Pop Goes the Library

Using Pop Culture to Make Libraries Better.

by Sophie Brookover, Liz Burns, Melissa Rabey, Susan Quinn, John Klima, Carlie Webber, Karen Corday, and Eli Neiburger. We're librarians. We're pop culture mavens. We're Pop Culture Librarians.

2006-08-01

South Asian Literature for Children and Young Adults

Pooja Makhijani is the editor of Under Her Skin: How Girls Experience Race in America and the author of Mama's Saris (publication date 2007.)

Pooja recently wrote an essay, Here to Stay: South Asian Literature for Children and Teens, about looking to find herself in books. I cringed as I read about an elementary school librarian handing a young Pooja The Jungle Book by Kipling. "I did not identify with Mowgli, the little Indian boy who was raised by wild animals (I doubt that anyone identified with Mowgli.)"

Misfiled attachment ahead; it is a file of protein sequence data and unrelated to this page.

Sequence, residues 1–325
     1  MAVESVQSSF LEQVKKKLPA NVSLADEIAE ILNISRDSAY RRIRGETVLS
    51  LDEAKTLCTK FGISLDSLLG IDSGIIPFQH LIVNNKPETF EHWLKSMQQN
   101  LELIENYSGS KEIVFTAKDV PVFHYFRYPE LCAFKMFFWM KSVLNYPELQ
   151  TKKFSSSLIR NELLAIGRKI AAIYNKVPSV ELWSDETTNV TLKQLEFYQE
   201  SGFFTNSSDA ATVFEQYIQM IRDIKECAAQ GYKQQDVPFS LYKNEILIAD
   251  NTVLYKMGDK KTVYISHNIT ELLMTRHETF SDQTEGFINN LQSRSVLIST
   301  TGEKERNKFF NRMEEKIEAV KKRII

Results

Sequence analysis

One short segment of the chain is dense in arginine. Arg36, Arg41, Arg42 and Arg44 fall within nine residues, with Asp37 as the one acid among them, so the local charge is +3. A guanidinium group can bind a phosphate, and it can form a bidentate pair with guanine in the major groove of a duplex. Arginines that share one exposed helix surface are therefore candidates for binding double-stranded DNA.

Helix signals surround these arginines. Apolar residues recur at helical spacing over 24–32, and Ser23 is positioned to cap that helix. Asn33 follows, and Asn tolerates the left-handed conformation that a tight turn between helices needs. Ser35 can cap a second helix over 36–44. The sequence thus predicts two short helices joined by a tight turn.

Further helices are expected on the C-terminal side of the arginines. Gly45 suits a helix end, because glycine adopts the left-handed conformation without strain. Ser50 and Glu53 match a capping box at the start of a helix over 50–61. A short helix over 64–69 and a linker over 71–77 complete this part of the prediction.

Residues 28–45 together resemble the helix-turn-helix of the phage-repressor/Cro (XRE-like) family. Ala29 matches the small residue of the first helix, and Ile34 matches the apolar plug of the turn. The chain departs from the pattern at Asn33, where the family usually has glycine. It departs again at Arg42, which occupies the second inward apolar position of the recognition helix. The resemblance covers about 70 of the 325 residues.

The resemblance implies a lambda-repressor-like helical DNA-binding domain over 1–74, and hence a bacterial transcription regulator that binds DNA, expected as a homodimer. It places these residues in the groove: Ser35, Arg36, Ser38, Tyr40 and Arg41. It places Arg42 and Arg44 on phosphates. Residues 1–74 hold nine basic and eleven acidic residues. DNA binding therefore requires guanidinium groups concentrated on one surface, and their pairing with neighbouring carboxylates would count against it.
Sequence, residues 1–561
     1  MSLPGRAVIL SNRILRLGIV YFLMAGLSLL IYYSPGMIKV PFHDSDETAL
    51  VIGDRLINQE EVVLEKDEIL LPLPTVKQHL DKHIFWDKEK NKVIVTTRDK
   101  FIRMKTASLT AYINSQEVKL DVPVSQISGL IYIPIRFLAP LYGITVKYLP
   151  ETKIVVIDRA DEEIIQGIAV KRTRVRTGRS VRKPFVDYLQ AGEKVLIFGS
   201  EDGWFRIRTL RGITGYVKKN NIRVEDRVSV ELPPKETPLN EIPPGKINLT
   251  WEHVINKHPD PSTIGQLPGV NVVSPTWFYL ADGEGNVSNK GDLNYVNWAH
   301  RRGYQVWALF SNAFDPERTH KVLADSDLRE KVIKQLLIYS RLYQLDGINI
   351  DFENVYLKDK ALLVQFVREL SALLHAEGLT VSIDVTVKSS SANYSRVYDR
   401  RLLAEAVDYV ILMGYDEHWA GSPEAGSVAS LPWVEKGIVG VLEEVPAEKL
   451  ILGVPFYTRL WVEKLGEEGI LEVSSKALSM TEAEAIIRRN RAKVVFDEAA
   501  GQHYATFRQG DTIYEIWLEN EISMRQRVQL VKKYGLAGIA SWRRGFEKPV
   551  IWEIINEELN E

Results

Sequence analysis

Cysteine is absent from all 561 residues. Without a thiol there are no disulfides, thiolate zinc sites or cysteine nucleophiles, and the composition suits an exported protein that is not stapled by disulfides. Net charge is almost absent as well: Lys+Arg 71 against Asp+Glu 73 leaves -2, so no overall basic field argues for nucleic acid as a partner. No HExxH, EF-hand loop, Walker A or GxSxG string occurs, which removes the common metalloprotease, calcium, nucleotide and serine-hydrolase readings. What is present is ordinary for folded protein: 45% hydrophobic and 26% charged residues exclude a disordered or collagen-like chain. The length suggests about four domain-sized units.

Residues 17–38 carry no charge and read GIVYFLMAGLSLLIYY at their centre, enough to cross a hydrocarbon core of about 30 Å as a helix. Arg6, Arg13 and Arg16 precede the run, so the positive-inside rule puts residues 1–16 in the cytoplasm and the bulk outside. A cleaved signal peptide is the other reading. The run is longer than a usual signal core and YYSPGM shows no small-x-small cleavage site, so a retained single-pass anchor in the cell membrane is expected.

Other resources for those who want to do better by their library patrons:

Paper Tigers, "a website for librarians, teachers, and publishers, and all those interested in young readers' books from and about the Pacific Rim and South Asia."

Pooja's website includes an annotated bibliography of South Asia and the South Asian diaspora in children's literature.

Kahani, a literary magazine dedicated to empowering, educating and entertaining children of South Asian descent living in North America.

Mitali Perkins (author of the books Monsoon Summer and The Not-So-Star-Spangled Life of Sunita Sen) has Welcome to the Fire Escape, "a safe place to think, chat and read about life between cultures," and includes a list of "between cultures" books.

Uma Krishnaswami's website; Uma is the author of several books, including Naming Maya; her site includes a section on South Asia in Children's Literature.

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